– Android applications you’ve downloaded from the Amazon App Store, many of which have access to your location and information about your wireless networks,
– All of the credit cards you’ve used, including expired ones, and
– Saved Wi-Fi passwords.
The right to privacy is an integral part of our civil liberties and is critical to the freedom of our society. Privacy is not something we should be ashamed of; it’s vital to ensuring our safety.
We don’t have to sacrifice our safety to shop online. Blockchain allows us to have the best of both worlds. Safex is using this technology to offer an e-commerce solution featuring Ring signatures. That means that Safex platform doesn’t hold any data about users’ balances or spending habits. You can shop without worrying about criminals targeting your account or your personal information.
There are tens of thousands of counterfeited items sold as originals on e-commerce platforms. That makes it easy for sellers to mislead customers with fake reviews. Companies like Apple view this as a serious issue and are fighting Amazon with lawsuits.
Several IoT blockchain projects are also working to prevent counterfeiting. They’re placing small sensors on shipping containers as well as products, such as luxury bags, wine bottles, and medicines in order to track them from the origin to the end user. By scanning a QR code with your phone, you can check your order’s exact location and condition.
This information also includes the conditions in which the product was kept during storage and transport, such as humidity, temperature, and vibration. Inappropriate storage and transport may have a significant impact on the price, quality, and condition of products. With the help of IoT blockchain-based solutions, it’s possible to provide a trustable product while also preventing counterfeiting.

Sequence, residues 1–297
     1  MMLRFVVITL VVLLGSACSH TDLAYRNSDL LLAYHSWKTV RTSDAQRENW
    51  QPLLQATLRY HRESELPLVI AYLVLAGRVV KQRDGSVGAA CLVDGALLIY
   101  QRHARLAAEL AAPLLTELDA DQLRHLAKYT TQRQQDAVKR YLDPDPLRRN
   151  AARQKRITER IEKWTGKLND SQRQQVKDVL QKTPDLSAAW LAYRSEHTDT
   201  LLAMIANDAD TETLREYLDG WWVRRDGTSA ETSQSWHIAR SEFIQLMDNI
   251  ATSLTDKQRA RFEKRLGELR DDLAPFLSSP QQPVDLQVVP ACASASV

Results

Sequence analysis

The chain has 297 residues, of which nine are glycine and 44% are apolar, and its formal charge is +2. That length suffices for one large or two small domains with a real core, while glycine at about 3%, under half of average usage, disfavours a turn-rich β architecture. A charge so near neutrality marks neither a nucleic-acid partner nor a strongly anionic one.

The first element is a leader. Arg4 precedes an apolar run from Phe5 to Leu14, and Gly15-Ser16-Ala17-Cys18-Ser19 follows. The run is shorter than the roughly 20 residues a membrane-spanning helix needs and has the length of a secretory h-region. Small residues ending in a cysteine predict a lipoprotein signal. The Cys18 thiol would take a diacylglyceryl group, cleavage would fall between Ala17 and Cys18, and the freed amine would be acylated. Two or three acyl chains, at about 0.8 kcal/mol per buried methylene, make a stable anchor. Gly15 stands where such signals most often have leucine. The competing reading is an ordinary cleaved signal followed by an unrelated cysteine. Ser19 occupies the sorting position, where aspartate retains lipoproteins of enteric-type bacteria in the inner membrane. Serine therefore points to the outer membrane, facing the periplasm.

If you return products too often, Amazon might ban you, without the possibility of opening a new account. There is no clarification about the exact number of returned orders that would get you banned.
As well as banning buyers, eBay and Amazon are also banning sellers. In fact, Amazon recently banned Chromecast and Apple from selling TVs on its platform. The main problem is that Amazon produces its own range of goods; competing products don’t stand a chance. As Amazon grows and diversifies its businesses, this problem will grow as well.
Uncensorable decentralized platforms are immune to this. People spend ages building their reputation as trustable sellers and buyers; they shouldn’t lose that in one day over unclear policies and conflict of interest. Large sellers, such as Apple, may survive this — albeit with huge losses nevertheless — but anti-competitive bans mean certain death for smaller sellers.
No centralized platform is truly global if it discriminates and bans users from certain countries. Some also completely forbid people from partly-sanctioned countries from buying and selling anything, even if those goods aren’t embargoed.
Payments are the final major issue. PayPal doesn’t work in 20 countries. Banks are even worse in this regard.
There’s one viable way to solve all of these problems: using cryptocurrencies and blockchain. Online shopping has grown significantly over the past 50 years. But to make trade truly global and inclusive, blockchain and cryptocurrencies are the next steps in the evolution of e-commerce.